Q: I inherited lakefront property valued at $150,000 dollars. My cost basis is zero.

I’d like to know if I sell the lakefront property and purchase another property with the proceeds and sell it for a similar amount, how much I will owe in taxes.

A: My first question to you is when did you inherit this property? If you inherited the property and the estate valued it at $150,000, and you now sell it for $150,000, you shouldn’t owe any tax whatsoever, other than possibly transfer stamps or local sales tax.

If the property has appreciated since you inherited it (let’s say it’s now worth $175,000) and you owned it for more than one year, then you’d owe capital gains tax of up to 15 percent plus state tax on the difference between the value of the property on the day you inherited it and the value of the property on the day you sold it.

If you inherited the property years ago when it was virtually worthless, and now it is worth $150,000, you’d owe capital gains tax plus state tax on your profits unless this home is your primary residence and you lived in it for 2 out of the last 5 years. If it was your primary residence and you lived there for the required time, you would pay no tax on the first $250,000 of profit ($500,000 if you are married).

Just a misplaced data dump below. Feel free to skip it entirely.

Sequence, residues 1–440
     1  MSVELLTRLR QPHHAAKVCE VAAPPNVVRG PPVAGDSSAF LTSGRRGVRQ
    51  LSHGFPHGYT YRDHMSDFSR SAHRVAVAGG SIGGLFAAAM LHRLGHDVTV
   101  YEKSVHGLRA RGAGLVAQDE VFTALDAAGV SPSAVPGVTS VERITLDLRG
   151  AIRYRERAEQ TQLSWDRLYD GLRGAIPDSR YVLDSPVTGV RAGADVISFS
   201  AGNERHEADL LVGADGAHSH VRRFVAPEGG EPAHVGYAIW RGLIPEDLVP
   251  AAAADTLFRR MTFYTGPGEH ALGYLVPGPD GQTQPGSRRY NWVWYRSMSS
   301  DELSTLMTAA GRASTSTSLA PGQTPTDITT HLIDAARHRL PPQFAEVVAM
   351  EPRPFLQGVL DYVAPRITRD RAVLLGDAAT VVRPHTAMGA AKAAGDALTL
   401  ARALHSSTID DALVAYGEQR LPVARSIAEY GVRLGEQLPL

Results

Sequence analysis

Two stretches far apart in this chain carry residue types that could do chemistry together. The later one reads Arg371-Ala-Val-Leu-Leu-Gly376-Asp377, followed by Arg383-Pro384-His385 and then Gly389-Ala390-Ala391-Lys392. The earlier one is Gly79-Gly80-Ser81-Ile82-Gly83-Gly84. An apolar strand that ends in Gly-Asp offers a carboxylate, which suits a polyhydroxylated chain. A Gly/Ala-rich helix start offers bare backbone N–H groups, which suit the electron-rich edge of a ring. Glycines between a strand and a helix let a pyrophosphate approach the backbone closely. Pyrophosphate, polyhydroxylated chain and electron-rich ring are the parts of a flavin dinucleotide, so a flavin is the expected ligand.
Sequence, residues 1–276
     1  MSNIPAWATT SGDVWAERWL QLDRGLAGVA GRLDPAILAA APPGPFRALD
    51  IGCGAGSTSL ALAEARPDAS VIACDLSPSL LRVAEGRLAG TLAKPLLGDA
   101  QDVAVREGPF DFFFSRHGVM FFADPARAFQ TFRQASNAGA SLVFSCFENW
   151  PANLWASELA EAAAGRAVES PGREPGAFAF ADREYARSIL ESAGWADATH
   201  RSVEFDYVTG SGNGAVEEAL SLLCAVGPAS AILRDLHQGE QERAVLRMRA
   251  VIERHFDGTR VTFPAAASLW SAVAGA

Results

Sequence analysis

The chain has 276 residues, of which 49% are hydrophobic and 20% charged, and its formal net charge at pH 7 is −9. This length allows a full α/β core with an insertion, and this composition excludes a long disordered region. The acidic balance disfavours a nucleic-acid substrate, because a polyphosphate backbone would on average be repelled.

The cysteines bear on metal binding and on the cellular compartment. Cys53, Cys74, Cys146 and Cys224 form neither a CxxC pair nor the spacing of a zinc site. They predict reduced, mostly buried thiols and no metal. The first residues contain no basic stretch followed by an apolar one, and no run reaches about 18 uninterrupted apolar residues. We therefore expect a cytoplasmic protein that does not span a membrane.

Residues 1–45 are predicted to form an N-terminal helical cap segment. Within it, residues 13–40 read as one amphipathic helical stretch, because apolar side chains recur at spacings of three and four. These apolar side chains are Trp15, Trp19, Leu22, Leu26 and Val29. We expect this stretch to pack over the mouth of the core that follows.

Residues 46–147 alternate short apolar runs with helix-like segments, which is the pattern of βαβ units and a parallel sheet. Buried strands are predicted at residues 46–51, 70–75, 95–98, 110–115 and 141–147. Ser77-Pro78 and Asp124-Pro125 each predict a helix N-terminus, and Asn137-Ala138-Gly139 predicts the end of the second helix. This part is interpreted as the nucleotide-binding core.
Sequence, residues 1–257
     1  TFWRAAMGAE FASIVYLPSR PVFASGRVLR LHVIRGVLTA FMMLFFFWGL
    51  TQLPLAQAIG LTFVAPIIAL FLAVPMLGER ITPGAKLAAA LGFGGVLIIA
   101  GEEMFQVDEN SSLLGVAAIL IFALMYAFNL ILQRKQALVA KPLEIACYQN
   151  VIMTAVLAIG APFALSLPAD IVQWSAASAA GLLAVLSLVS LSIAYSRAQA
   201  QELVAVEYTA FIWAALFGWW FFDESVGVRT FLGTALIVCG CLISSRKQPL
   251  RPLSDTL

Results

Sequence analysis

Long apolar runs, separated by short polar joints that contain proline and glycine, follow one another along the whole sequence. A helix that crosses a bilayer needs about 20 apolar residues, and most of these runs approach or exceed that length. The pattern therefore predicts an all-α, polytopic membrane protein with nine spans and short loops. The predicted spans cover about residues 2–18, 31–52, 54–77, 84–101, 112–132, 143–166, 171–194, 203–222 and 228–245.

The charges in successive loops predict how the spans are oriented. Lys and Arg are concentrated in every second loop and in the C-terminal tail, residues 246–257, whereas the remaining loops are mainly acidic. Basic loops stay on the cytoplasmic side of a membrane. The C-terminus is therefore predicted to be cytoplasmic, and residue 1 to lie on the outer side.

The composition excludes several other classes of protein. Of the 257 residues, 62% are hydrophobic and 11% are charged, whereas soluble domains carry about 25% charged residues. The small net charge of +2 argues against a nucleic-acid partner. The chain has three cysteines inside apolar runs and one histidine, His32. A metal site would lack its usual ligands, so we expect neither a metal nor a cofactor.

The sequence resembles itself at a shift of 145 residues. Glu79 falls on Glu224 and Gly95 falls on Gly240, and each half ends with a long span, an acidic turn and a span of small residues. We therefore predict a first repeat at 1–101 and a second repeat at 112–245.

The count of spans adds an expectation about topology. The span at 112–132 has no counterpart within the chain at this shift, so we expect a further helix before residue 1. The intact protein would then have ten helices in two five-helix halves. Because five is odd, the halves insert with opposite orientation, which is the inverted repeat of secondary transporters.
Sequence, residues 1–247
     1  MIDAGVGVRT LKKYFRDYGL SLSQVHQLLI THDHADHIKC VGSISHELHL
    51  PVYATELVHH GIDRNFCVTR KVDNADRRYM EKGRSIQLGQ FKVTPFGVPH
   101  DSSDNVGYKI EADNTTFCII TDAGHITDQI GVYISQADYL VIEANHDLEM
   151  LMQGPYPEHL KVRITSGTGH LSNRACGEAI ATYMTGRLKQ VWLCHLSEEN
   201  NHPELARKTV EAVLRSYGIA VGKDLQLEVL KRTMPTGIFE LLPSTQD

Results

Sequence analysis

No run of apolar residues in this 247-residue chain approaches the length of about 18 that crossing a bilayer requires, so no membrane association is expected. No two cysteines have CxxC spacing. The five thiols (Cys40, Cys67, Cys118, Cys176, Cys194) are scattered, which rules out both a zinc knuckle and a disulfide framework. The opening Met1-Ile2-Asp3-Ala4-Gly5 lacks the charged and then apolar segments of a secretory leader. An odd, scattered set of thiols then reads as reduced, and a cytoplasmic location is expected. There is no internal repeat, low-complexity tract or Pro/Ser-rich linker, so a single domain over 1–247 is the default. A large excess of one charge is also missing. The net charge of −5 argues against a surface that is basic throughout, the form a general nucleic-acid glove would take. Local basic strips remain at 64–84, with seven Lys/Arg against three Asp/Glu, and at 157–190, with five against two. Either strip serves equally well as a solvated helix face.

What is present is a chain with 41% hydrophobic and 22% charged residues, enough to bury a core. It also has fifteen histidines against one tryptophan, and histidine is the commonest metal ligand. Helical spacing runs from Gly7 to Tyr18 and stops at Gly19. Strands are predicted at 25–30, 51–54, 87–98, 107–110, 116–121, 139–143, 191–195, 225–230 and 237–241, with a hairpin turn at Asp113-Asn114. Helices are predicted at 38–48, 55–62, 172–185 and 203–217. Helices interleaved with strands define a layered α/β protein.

If this is property that is now an investment for you, and you have profits, you may be able to defer those profits by using a 1031 tax-free exchange. A 1031 tax free exchange is a provision in the tax code that allows people to defer the payment of taxes on the sale of investment real estate. You will be required to sell your property and buy a replacement investment property that costs at least as much as the property you’re selling. There are other rules to consider and you need to follow these rules carefully.

If you decide to go the 1031 route, make sure you work with a competent “Qualified Intermediary” that can help you navigate the many rules associated with this kind of exchange. You should also make sure the intermediary is a reputable company that has been around for a while. You should also investigate how your funds will be secure while they your money until you buy a replacement property.

Please talk to your accountant or estate attorney for more details and other options.

Published: Apr 19, 2007